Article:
The differences between his players’ backgrounds and his own is not lost on Bayer. One afternoon in 2003, he and his players discovered a body in some high grass near their field. The gruesome sight left Bayer shaken, but he noticed that most players seemed unmoved. Soon, the players were sharing dead-body stories, leaving him to reflect on “how tough it must be to be a kid in this city and maintain any kind of innocence.”

Some players marvel at the ability of Bayer, a bald-headed white man approaching his 40s, to relate to them. Pettiford joked that some “wondered if Coach was white or black because of the way he interacts with us.”

Hyde players are accustomed to being pioneers. Salim Lancaster and a fellow sophomore, Antoine Johnson, barely thought it was worth noting that they were the only two African-American players at a rugby camp in California last summer. Just getting to Berkeley proved to be a challenge because neither had been on an airplane before. They barely made their flight after Johnson went to the wrong airport and Lancaster’s ride failed to appear.

Lancaster said he was initially a little nervous on the plane, although he settled in and took advantage of the airline’s satellite television service, tuning in to — what else — international rugby.

He rises at 4:30 a.m. to make it to Hyde on time every day. Between rugby and school, he said, “I don’t have time to get in trouble.” Relaxing in his southeast Washington apartment with his family on a recent Friday night, he said going out with friends was the last thing on his mind. There was a game on Sunday, anyway.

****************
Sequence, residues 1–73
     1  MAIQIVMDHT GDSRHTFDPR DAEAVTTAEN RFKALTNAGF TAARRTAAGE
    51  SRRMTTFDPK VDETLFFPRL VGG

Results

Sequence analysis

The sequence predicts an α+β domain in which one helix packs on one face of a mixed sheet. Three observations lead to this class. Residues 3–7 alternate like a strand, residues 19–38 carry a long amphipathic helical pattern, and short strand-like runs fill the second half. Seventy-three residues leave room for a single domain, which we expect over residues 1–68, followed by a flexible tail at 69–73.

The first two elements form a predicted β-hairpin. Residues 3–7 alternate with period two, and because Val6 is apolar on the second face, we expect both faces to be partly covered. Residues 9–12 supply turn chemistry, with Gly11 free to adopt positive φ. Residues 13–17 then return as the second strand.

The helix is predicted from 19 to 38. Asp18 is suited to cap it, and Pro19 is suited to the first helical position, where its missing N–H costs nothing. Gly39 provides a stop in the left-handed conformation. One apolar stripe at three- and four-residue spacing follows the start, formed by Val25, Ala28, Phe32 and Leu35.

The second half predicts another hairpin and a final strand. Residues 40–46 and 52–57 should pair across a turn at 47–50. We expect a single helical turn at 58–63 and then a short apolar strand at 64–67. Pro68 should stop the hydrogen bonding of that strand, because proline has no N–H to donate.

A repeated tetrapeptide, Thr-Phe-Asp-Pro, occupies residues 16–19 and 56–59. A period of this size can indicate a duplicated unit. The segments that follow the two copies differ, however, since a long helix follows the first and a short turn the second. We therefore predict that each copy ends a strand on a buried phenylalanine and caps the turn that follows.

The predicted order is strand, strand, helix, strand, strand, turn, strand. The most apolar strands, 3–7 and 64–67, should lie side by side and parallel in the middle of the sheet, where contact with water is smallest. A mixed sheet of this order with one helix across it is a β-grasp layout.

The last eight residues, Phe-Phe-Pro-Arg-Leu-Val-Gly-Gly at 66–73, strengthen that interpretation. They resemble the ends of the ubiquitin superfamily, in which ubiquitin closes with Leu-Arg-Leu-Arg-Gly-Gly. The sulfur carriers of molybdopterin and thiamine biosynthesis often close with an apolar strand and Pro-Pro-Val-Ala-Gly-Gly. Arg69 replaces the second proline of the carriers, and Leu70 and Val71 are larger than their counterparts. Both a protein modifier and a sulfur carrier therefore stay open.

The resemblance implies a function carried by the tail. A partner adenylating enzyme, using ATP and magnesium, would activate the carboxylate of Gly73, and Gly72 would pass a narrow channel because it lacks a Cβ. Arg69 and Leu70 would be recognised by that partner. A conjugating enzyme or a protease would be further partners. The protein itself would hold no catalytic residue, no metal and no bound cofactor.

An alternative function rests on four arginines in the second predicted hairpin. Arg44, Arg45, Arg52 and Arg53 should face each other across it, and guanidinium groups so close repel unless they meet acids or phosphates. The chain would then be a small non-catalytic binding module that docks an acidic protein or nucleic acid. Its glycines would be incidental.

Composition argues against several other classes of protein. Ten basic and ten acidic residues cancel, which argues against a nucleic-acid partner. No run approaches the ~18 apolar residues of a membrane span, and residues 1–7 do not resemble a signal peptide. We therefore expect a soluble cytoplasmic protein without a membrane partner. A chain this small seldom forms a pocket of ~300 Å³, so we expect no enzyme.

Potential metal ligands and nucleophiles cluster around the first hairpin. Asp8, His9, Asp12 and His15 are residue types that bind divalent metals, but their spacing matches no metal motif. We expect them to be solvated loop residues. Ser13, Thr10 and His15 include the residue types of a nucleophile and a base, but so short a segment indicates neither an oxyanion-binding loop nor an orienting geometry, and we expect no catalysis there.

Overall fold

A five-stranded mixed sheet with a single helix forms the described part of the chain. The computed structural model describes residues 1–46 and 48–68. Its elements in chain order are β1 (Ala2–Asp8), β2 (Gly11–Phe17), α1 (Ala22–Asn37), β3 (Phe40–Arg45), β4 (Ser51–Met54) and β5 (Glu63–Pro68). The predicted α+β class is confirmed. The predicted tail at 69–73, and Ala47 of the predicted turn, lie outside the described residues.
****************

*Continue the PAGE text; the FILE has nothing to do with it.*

That game was part of the annual Ambassador’s Shield tournament, sponsored by the New Zealand Embassy. The embassy has been a friend to the Hyde program, promoting New Zealand’s national sport while helping raise money for the school’s team.

Hyde lost the game, but the players enjoyed the international atmosphere and were impressed by the New Zealand expatriates who played later in the afternoon. Mathew Brown, a Hyde senior, provided the ultimate seal of approval, saying, “Those Samoans are ballers,” as a New Zealand player of Samoan descent took off down the field.

Afterward, the team attended a reception at the New Zealand embassy. While diplomats and representatives from USA Rugby sipped cocktails and mingled, the Hyde players escaped the formalities and gathered outside. One of them found a rugby ball. Before long, he was teaching youngsters how to play on the moonlit lawn.

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Written by Symphony

December 1, 2008 at 7:00 am

2 Responses

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  1. Keep up the good work on this site. As a New Zealander its great reading of the progress being made for rugby in the USA. Afro-Americans have so much natural ability and athletism that they will potentially become great players. It takes time of course….good things always do. The seeds have been sown….the future is…’whatever you want it to be’!
    Best Wishes to everyone,
    Glenn.

    Glenn Moir

    December 11, 2008 at 5:24 am

  2. Rear side. ,

    Rimma

    April 8, 2009 at 11:07 am